New research from Capita Resourcing reveals 50% of recruitment leaders believe that at least half of all skills gaps within their organisation could be addressed by better use of data.

Almost half (46%) of organisations in the UK still rely on ‘instinct and gut feel’, rather than hard data and insight, when it comes to assessing current skills within the organisation and identifying skills requirements. This is despite the fact that the vast majority (83%) of HR and recruitment leaders regard data and insight as critical to improving recruitment and talent acquisition, and 81% admit that they need more visibility into current skills within the workforce.

The research launched today by Capita Resourcing is based on interviews with 350 HR and recruitment specialists, 500 business leaders and more than 2,000 employees. It reveals the vast potential for data and insight to transform recruitment and deliver the skills businesses need now and in the future. Remarkably, 50% of HR and recruitment leaders believe that at least half of all skills gaps within their organisation could be addressed by better use of data, and 45% believe that data and insight will enable them to predict future skills gaps before they become problematic.

However, HR and recruitment departments continue to struggle to use data effectively. Senior business leaders point to HR and recruitment as the business function which has made least progress in using data and insight to optimise and measure performance - 24% of business leaders report that it is the worst at collecting, analysing and using data. Employees also recognise the need for improvements - 92% of UK workers claim that their employer could make better use of data to enhance their employee experience.

The research reveals that there is mounting pressure to improve. More than a third (34%) of recruitment and HR leaders report that successful use of data in other parts of the business is shining the spotlight on current usage of data within talent acquisition, and more than half (51%) are concerned about falling behind their competitors when it comes to using data and insight in recruitment.

As a result of the lack of progress in data usage, only 22% of HR and recruitment leaders are extremely confident their organisation has access to all of the skills it needs to meet business objectives over the next five years.

Organisations must overcome a number of challenges in order to improve their use of data and insight within talent acquisition. Concerns around data security and protection were cited as the biggest barrier, with 41% of HR and recruitment professionals reporting that data protection concerns are making it difficult to effectively turn data into insight.

The research also highlights growing levels of ‘analysis paralysis’, where organisations simply cannot manage the amount of HR and workforce data they are generating - 40% claim that the sheer volume of HR and workforce data has become a challenge. Other barriers to turning data into valuable insight and information include budgetary constraints (32%), fragmented and disparate data (31%), outdated technology (26%), and a lack of analytical skills within the organisation (25%).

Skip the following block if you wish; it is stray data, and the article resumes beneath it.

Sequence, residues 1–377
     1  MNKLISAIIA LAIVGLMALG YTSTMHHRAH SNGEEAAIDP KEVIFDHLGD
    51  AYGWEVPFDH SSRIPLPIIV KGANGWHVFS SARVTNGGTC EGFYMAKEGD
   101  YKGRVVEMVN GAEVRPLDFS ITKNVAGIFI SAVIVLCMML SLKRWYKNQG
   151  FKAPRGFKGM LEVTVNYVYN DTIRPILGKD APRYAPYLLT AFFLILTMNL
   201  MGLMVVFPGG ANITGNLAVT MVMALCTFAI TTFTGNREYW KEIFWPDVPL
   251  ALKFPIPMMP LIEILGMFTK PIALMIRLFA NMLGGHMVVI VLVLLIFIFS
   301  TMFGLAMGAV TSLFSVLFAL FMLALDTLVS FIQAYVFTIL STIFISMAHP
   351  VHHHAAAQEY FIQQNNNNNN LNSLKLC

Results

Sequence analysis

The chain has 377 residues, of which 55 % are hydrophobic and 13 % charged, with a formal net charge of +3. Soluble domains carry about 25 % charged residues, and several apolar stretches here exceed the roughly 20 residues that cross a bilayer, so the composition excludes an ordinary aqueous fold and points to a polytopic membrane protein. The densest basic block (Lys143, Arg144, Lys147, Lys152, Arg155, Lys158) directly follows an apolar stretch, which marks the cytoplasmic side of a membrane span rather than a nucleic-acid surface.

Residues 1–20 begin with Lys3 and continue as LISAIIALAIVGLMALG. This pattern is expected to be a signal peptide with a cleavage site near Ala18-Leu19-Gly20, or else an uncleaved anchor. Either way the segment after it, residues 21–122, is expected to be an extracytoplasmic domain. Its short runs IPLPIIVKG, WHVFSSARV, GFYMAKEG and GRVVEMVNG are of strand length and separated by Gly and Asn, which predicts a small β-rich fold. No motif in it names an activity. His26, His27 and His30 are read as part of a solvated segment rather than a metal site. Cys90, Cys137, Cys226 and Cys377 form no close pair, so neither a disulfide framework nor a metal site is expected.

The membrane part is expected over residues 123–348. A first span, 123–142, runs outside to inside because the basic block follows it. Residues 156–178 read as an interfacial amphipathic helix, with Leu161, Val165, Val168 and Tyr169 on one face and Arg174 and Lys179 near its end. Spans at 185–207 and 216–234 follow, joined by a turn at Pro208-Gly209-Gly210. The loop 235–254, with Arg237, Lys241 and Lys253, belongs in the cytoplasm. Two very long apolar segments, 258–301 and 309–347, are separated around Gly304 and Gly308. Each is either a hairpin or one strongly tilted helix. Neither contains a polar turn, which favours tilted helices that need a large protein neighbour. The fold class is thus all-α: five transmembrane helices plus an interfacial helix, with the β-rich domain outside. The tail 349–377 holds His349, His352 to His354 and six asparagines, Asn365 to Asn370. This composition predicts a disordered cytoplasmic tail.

HR and recruitment leaders are fully aware of the consequences of not improving their use of data and insight - 42% say their organisation will have more difficulty recruiting talent; 38% say candidate experience will suffer; and 37% believe that they will lose candidates to competitors unless they optimise their use of data and insight.

Geoff Smith, Executive Director, Capita Resourcing, said: “HR and recruitment professionals are acutely aware of the need to optimise their use of data to remain competitive in an ever more challenging labour market and to accelerate their journey towards a hybrid workforce over the coming years. Organisations need complete visibility of skills across the workforce to make more informed, strategic decisions, not only when it comes to hiring, but also utilisation and mobility of current talent and skills. With greater insight on employees and candidates, HR can improve quality of hire, but also drive employee engagement and retention (through better cultural fit of hires), workforce diversity and business agility.”

Smith concluded: “Effective use of data and insight, when combined with innovative digitisation, can completely transform talent acquisition and enable employers to build larger, more agile talent pools, develop deeper relationships with employees and candidates and, ultimately, drive real competitive advantage in the employment market. HR and recruitment leaders need to adopt a highly targeted approach to data, identifying the areas where they need greater insight into the workforce and developing a data strategy which informs, supports and measures overall workforce objectives. This means ensuring they equip themselves with the necessary skills and expertise, both internal and external, and the technology and tools to maximise the game-changing benefits of their data and insight.”

The full research findings can be found in the white paper, The Insight Edge in Talent Acquisition: How data and insight can deliver the skills needed in a hybrid workforce.

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